Each year, the U.S. government manages many different departments and agencies to protect its citizens and businesses, including providing military defense, promoting health safety measures, passing consumer protection laws, and enforcing labor laws. That’s just to name a few.
But what about more complex and evolving risks like cybersecurity? Is there any type of resource provided by the federal government for businesses to protect themselves from a cyber attack? What about guidelines recommended that could help evaluate an organizations’ cybersecurity risks?
The answer is yes, yes, and yes. Within the Department of Commerce is the National Institute of Science and Technology (NIST). This agency does plenty to promote innovation and industrial improvements within technology. However, one of their most important initiatives is their work in providing businesses the knowledge and resources to protect their data, network system, applications, and devices from cyber-related threats.
All of this is provided by the NIST Cybersecurity Framework.
What is the NIST Cybersecurity Framework?
The word “framework” is a conceptual (non-physical) structure that can guide someone into creating something useful. In this case, the NIST Cybersecurity Framework is the guide to help a business evaluate, develop, or enhance a cybersecurity program (something very useful).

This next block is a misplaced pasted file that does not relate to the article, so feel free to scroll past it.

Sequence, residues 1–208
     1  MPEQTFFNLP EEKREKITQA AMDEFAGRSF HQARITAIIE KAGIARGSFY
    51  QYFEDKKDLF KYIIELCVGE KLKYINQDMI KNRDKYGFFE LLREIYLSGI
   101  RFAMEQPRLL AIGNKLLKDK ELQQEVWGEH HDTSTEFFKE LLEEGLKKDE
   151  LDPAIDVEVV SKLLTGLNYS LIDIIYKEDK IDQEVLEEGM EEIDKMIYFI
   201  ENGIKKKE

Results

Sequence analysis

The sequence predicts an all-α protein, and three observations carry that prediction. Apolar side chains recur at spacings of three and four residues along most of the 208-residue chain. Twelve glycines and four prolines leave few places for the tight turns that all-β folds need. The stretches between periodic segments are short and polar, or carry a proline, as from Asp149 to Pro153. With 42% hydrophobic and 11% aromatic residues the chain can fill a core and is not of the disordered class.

The idea behind having a universal framework and the main reason that the NIST framework is extremely important for businesses is that it allows a uniform set of methods and terminology to be used for businesses to communicate with one another and their stakeholders.
Before introducing the NIST framework in 2014, businesses would have to use resources from various, non-collaborative sources such as guidelines from their state government, best practices from their industry’s associations, or whatever their IT management and security consultants were using to develop their cybersecurity programs.